IMG_3635Centipedes (from Latin prefix centi-, “hundred”, and pes, pedis“foot”) are predatory arthropods belonging to the class Chilopoda of the subphylum Myriapoda, an arthropod group which also includes Millipedes and other multi-legged creatures. Centipedes are elongated metameric creatures with one pair of legs per body segment. They are found in an array of terrestrial habitats from tropical rainforests to deserts. Accordingly, they are found in soil and leaf litter, under stones and dead wood, and inside logs.

Okay, enough with the scientific definition.  According to a patient I saw this week, a centipede is a “creepy crawly bug with a lot of legs”.  Gotta love working with kids!!

Cartoon

 While looking at ideas on-line, I saw a cartoon of a centipede and thought that this might be a fun idea for a glass project. 

My first idea was to fuse copper wire between sections of glass.  This idea didn’t go so well.  The glass was very fragile with the embedded wire.

So, instead, I decided to solder a framework (or exoskeleton, if you want the scientific term) for the centipede and then use a glass adhesive to secure glass sections to the framework.

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Materials
Green COE 96, 1″x1.5″, 16 pieces
Black COE 96 chips
Copper wire, 6 gauge
1″ (7 pieces)
6″ (7 pieces) with ends bent back
Copper foil tape, 1″ wide
1″ x 3/4″ (8 pieces)
E6000 Adhesive

Steps:

1. Position and solder copper wire and foil tape.  Bend the wire 1″ on each side of the framework to make legs, then bend each tip outward to make a flat surface to support the glass sections.  

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2. Full fuse two pieces of green glass with black glass chips.

3. Contour fuse eyes to the head piece.

IMG_36344. Adhere each piece of glass to the framework.

This new bug can now be found in my front yard flower garden crawling among the daylillies.

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Give Thanks!

A year ago, with Thanksgiving approaching, I decided to make a decorative fused glass plate for my kitchen. IMG_2537

 

  • Grapes: Transparent Glass full fused to make 1/2 inch pebbles.
  • Corn: Varied pieces and colors of glass full fused to make small pebbles.
  • Cornucopia (streaky tan) and Pumpkin (streaky orange) opaque pieces heat polished (1300º F) to smooth the edges, transparent amber fine frit between each piece prior to fusing the plate.
  • Words: Photo Transfer Paper, Delphi Glass
  • Light Contour Fused (1325º F) to create plate.

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All went well until I placed the glass in a ceramic mold to slump it into a plate form.

Unknown to me, the contractor that was doing some work in our family room shut off the power to a few circuits.  The power to my kiln was interrupted and when I returned from work and opened the kiln, my plate had cracked. Bummer!

Unfortunately, this meant that my plate was not ready for Thanksgiving last year.

So… back to cutting and heat fusing.

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This time, all went well and I now have a plate to display for Thanksgiving this year.

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To salvage the cracked glass, I broke it into smaller pieces, pot melted the pieces and made a beautiful melt plate.

 

One Smile !

Generic-OneSmile-logo-Outlines-652x256Tonight is the Minnesota Dental Foundation annual fundraiser gala. The vision of the Minnesota Dental Foundation is to eliminate unmet oral health needs in Minnesota. The foundation supports the Minnesota Mission of Mercy, Volunteered Dental Services, Give Kids and Smile, and many other programs.

The annual gala showcases the recent activities of the Foundation and highlights the organizations that benefit from the work of the Foundation.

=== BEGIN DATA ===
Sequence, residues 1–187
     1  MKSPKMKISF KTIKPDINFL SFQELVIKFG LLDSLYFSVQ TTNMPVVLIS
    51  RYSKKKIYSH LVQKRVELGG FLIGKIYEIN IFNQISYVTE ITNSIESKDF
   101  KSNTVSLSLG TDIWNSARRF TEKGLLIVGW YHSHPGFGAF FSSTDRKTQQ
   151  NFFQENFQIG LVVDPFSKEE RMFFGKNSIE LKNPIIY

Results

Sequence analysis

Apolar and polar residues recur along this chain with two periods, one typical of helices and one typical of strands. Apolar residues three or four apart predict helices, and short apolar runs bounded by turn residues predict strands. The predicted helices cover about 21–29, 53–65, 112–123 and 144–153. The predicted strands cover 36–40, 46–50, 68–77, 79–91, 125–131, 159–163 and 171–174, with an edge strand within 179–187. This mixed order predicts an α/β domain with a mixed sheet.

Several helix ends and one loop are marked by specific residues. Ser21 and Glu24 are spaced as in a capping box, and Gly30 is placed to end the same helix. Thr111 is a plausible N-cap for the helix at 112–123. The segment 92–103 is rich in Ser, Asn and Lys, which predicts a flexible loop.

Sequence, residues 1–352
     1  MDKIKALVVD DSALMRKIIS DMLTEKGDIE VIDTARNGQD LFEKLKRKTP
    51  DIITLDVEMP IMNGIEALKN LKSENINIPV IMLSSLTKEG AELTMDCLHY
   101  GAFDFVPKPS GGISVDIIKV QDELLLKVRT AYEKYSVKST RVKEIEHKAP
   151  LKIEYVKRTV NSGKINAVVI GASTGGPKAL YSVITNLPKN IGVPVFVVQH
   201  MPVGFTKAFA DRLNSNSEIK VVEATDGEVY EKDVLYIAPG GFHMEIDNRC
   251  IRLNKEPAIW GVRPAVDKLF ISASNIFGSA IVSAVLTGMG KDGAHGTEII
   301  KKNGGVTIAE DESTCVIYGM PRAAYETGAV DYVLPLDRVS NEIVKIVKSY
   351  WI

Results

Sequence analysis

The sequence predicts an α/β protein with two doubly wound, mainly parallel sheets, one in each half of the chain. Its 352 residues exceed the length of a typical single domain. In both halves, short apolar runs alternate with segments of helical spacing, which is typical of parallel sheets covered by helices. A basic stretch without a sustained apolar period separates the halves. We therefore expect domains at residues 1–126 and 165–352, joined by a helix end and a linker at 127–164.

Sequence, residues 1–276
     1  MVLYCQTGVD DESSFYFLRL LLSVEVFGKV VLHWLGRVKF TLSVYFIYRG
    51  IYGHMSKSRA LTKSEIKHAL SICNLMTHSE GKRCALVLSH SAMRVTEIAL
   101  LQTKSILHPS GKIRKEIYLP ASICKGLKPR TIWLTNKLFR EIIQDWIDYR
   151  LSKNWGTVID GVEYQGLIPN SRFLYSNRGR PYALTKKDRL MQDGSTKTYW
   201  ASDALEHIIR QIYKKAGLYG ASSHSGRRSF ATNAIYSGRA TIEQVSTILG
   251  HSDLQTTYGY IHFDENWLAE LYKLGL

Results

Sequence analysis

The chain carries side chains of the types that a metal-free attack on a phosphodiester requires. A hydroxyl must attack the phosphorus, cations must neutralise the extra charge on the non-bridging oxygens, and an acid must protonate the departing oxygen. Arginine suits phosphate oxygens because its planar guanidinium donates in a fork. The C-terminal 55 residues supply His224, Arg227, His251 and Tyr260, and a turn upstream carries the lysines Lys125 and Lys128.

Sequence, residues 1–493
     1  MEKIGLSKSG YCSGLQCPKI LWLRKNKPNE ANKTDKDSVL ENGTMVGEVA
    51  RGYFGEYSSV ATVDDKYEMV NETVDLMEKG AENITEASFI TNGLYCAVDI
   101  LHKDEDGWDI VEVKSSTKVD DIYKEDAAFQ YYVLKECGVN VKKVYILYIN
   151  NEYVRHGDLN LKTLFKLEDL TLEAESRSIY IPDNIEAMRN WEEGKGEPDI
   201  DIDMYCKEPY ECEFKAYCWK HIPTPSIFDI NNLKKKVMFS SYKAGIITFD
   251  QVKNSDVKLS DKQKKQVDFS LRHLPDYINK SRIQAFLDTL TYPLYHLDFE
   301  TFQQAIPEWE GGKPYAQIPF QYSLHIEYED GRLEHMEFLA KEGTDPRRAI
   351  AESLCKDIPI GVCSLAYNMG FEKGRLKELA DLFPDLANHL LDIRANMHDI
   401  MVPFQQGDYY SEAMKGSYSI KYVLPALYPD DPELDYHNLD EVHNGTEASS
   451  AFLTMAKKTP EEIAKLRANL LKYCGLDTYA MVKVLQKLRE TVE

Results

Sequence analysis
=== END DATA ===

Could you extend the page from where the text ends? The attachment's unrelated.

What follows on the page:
I’m looking forward to spending a nice evening with many professional colleagues and some of my business partners.

One of the activities at the gala is a silent auction.  You can preview the auction items at  www.qtego.net/qlink/mndental.

Normally I do not purchase any items in the auction.  At this point in life, I really don’t need more “stuff”.  But, I do support the auction by donating items.  This year, I donated two custom made items.

Fused glass serving plate with the MDF logo.

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Stepping stone with MDF logo.

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Hopefully these items will bring some nice bids.  Looking forward to a nice evening!

The Minnesota Great Get-Together

img_2410.jpgThe Minnesota State Fair is currently taking place.  If you are not from MN, you may not realize how big our state fair is.  While MN only ranks 12th in size and 21st in population, it ranks second in state fair attendance, with over 2 million people attending each year.  This is just behind Texas at 2.25 million visitors.  However, Texas is second in land mass, second in population, and their state fair runs for 24 days (twice the length of the MN fair).  Thus, I would say that the Minnesota State Fair outranks even Texas.

The fair is so popular that, even on a rainy morning like today, there were lots of people in attendance.  What do people like to do at the fair?  When I asked some of my friends, they replied: eat the food, attend a concert, eat the food, see the animals, eat the food….

I think you get the picture – there is lots of food to eat if that is what you are interested in.

For me, the State Fair is a place to go to see the craftsmanship and creativity in the Arts and Crafts Building. Today was no exception.  After getting very wet walking from the transit center to the A&C building, I spent a couple hours walking around taking pictures.

Here are my quilts:

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Me (with my wet hair) in front of “Burst Doll Quilt”, which received a first place in the child quilt category.
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“Burst” bed quilt received a second place in the pieced bed quilt category.
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My reversible tree quilt “Childhood Memories” received a second place in the mixed techniques category.  Unfortunately, you can only see one side of the quilt and none of the shadow painting.  
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“Window on My World” placed fourth in the wall quilt category.  I re-entered it this year because I was surprised that it did not place last year and knew that there was a different judge this year. 

Some of the other quilting highlights:

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Sweepstakes winner – Mary Alsop

 

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Best Hand Applique – Terri White
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Best Machine Quilting – Marilla Schmitt
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Knit & Bolt Award – Susan Nevling

 

Some other crafts that caught my eye: